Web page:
Today in Black History, 08/01/2015 | The Universal Negro Improvement Association - The Charles H. Wright Museum Blog

Today in Black History, 08/01/2015 | The Universal Negro Improvement Association


  • August 1, 1834 The British Slavery Abolition Act of 1833 became effective, abolishing slavery in the majority of the British Empire. The act freed enslaved people under six. Enslaved people six and older were designated as apprentices and would continue to serve their former owners for up to six additional years before being freed. The Act also included the right of compensation for slave owners who would be losing their property.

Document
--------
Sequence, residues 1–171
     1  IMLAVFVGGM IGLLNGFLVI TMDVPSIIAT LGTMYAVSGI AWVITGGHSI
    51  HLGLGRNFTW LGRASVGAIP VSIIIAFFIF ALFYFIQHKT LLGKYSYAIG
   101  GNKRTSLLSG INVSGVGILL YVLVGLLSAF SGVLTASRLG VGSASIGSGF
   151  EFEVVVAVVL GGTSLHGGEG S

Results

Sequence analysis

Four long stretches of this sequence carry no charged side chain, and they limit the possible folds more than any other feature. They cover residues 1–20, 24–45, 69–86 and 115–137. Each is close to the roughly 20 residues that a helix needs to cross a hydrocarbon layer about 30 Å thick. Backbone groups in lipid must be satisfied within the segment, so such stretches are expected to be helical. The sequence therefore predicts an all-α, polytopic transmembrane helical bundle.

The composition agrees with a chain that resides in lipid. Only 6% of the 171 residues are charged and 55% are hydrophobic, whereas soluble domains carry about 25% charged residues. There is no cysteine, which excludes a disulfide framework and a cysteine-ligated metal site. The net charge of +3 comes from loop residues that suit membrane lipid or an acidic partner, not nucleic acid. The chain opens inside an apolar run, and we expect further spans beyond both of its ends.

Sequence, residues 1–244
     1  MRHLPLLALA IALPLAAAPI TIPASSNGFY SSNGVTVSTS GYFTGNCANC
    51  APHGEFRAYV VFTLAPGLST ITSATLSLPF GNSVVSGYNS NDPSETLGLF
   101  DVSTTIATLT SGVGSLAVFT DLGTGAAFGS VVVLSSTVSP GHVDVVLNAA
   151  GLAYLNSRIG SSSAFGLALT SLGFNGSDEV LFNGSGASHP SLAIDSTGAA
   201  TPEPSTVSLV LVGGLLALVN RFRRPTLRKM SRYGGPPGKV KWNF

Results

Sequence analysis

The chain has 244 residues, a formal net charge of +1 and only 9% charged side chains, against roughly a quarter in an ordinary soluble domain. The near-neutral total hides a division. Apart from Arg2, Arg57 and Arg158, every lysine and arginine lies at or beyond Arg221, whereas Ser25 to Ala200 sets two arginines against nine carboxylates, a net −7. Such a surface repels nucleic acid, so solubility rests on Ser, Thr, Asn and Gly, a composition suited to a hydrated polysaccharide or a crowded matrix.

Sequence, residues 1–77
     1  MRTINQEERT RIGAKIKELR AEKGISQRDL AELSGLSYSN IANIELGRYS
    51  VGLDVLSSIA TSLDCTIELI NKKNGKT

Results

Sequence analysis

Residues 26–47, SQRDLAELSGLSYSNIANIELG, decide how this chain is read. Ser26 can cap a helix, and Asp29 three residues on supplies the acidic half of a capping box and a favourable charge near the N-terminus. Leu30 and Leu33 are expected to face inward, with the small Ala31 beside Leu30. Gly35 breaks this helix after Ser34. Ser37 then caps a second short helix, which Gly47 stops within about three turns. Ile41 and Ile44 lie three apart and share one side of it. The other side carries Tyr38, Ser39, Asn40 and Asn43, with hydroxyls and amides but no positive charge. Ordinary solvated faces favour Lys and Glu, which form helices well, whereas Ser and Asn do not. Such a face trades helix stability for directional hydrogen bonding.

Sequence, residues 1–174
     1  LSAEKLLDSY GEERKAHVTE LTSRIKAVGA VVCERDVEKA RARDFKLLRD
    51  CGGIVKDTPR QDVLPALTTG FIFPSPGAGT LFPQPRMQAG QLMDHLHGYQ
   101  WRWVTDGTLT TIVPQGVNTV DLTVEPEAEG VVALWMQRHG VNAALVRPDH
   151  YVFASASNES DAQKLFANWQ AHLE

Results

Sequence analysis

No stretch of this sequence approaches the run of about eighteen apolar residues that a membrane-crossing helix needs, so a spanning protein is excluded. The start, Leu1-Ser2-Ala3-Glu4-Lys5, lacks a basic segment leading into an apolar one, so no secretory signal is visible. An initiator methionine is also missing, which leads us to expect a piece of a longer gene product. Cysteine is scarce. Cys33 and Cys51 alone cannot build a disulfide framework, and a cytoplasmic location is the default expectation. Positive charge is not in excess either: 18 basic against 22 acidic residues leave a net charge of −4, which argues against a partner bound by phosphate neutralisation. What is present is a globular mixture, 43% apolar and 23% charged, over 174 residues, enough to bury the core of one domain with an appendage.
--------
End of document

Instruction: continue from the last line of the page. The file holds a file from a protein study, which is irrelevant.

• August 1, 1844 Milton Murray Holland, Congressional Medal of Honor recipient, was born enslaved in Austin, Texas. Possibly the son of his owner, Holland and his two brothers were freed and sent to school in Ohio in the late 1850s. He joined the 5th United States Colored Troops in 1863 to fight in the Civil War. By September 29, 1864, he was serving as a sergeant major when his unit participated in the Battle of Chaffin’s Farm in Virginia. His actions during the battle earned him the medal, America’s highest military decoration, which was awarded April 6, 1865. His citation reads “Took command of Company C, after all the officers had been killed or wounded, and gallantly led it.” Despite his bravery and acting as an officer in combat, Holland never received an officer’s commission. He left the army in 1865 and moved to Washington, D. C. where he established an insurance company and worked for the government. Holland died May 15, 1910 and was buried in Arlington National Cemetery.